By 2006, there were more than 2,500 IED (improvised explosive device) explosions each month, and were the leading cause of casualty amongst American soldiers and Iraqi civilians. Wow. What a way to start off, right? That’s how PW Singer does it; just slaps you with some knowledge from the get-go. Who is PW Singer? Mr. Singer is the director of the 21st Century Defense Initiative at the Brookings Institution. There, he researches what the future of war holds and foreign policy. As a well-known writer of books and essays, he is able to link modern day events and news and comment on impacts of the future of military.
Back to the video. Singer starts us off with a chilling “scene of war” and was immediately able to capture the attention of the audience. He goes on to explain the growing importance of EOD (Explosive Ordnance Disposal) teams. Their ability to diffuse up to 2 IED’s a day puts a $50,000 bounty on their head. That is incredible. But seeing how important the enemy views them shows the path of warfare is heading towards less soldiers and more machines. The idea of machines being in war has always been a staple of sci-fi thrillers and futuristic video games, but it is becoming a reality. The idea of war is changing as we know it. More and more drones are being deployed to do a foot soldiers job, and there seems to be a sort of distancing from the realities of war. Singer seems to believe we are at a revolutionary period in warfare, much like the period of the atom bomb. The experience and identity of a soldier is changing, and they are being referred to as “cubicle warriors.” We went from thuggish men with a thirst for blood being the ultimate warrior, to that kid from your freshman hall who dominates Call Of Duty. But how will this change war?
Singer had a chilling quote during his presentation: “When a robot dies, you don’t have to write a letter to its mother.” That is a really heavy line. Without soldiers, there are only broken “toys” in the line of duty. When drones are ordered to carry out attacks, the act of war is way less personal and the mental and emotional toll from the murders carried out by machine is cushioned by the thousands of miles that separate the party. Singer mentions there will be a new sort of mental and emotional situation that takes place. Now, soldiers will be expected to “go to war” for 12 hours, and then head home to the wife and kids to eat a meal and talk about what SpongeBob did today. The constant switch of emotions could lead to problems at home. The other aspect of robotic warfare that will forever change is the concept of accountability. Who is accountable for the actions of the machine? Is it the man who gave the orders? Is it the dude who controls the thing? Is it the company that invents the technology? I would argue all three of these parties feels less accountable for what happens at war than if they were there themselves. This diffusion of accountability would make it easier to pull the trigger from thousands of miles away. “You don’t have to convince a robot that they’ll get 72 virgins when they blow up.” All it takes is one click from a room in Nevada and BOOM! It seems easy and doesn’t seem like it would have the same effect as blowing something up on your own while you are there. War will eventually evolve towards technology; it seems inevitable. But how will it affect the world? Will there be more or less causalities? It is hard to say. What is easy to say is that the US is at the front of technological advancements for warfare, but Singer wisely mentions that there is no real fixed position at the top of technological advancement. We have to stay on top of technology if we want to maintain our strength as a country. Not only will warfare change, but so will terrorism, and it is that idea that can get scary. Strikes from anywhere are possible and it can be done by anyone at any moment.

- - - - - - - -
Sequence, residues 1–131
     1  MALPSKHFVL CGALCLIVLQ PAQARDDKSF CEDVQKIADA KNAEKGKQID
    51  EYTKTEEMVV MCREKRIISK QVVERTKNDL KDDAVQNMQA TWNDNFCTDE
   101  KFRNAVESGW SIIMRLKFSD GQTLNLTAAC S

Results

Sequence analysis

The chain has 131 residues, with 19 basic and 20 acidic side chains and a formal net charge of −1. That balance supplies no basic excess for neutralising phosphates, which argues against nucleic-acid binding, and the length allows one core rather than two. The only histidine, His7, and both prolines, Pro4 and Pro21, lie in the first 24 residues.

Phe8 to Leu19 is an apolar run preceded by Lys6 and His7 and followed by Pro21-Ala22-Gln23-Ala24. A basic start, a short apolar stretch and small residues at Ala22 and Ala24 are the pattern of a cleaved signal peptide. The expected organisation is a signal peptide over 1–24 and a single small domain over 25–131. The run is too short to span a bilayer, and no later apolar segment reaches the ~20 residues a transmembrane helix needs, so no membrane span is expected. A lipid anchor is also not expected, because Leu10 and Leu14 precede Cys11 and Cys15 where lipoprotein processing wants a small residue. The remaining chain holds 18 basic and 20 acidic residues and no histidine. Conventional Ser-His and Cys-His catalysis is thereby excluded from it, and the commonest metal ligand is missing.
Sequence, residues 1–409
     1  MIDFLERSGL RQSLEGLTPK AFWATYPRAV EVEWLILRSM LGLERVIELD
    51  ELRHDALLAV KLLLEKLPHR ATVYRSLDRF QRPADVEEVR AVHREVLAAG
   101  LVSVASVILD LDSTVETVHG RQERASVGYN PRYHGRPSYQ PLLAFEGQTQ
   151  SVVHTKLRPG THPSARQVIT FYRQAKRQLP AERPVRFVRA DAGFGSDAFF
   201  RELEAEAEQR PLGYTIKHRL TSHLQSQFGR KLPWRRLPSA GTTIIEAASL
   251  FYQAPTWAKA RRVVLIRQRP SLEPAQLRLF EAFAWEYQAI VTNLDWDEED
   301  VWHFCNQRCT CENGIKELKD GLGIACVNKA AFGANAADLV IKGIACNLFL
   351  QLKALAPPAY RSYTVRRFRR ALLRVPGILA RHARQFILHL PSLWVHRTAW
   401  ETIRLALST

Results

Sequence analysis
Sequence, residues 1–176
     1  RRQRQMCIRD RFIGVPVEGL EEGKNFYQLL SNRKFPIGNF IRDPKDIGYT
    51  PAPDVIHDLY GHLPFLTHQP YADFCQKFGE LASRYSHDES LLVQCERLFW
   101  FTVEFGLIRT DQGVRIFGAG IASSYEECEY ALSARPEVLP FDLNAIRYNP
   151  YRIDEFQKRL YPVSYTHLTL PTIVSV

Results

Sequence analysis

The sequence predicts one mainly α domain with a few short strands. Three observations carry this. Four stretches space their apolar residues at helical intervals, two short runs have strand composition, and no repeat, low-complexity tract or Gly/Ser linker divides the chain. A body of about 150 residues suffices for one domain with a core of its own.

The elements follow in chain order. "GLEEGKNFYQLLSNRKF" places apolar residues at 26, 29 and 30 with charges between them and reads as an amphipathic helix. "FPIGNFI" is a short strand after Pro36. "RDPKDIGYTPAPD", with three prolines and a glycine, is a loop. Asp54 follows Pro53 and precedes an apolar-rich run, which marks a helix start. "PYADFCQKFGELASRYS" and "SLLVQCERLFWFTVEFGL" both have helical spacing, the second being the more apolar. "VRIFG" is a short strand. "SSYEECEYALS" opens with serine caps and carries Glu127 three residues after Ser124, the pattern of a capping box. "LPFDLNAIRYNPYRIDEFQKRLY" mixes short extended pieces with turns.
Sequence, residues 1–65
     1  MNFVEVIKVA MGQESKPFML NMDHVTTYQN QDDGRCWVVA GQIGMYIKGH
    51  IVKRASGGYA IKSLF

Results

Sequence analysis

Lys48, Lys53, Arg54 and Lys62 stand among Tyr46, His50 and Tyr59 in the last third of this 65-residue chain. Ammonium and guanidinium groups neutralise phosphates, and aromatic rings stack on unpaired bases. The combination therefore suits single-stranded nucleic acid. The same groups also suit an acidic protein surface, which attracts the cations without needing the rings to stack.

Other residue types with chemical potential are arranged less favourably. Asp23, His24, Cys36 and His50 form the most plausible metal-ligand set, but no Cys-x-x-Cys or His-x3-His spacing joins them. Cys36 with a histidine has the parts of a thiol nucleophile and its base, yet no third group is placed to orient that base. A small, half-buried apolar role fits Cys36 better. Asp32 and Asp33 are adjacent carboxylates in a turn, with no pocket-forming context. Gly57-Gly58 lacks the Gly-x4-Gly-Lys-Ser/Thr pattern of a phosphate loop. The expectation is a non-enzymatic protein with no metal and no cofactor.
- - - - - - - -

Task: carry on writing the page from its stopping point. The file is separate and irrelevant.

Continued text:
So I leave you with the seemingly inevitable future of technological warfare. What other aspects of our lives at home or at war do you feel will be affected by this revolutionary change towards technology? What will the future soldier look like? Will we be able to protect ourselves domestically from foreign threats? Domestic threats? Let me hear where you think the future of war is going and how we will be changed as a result.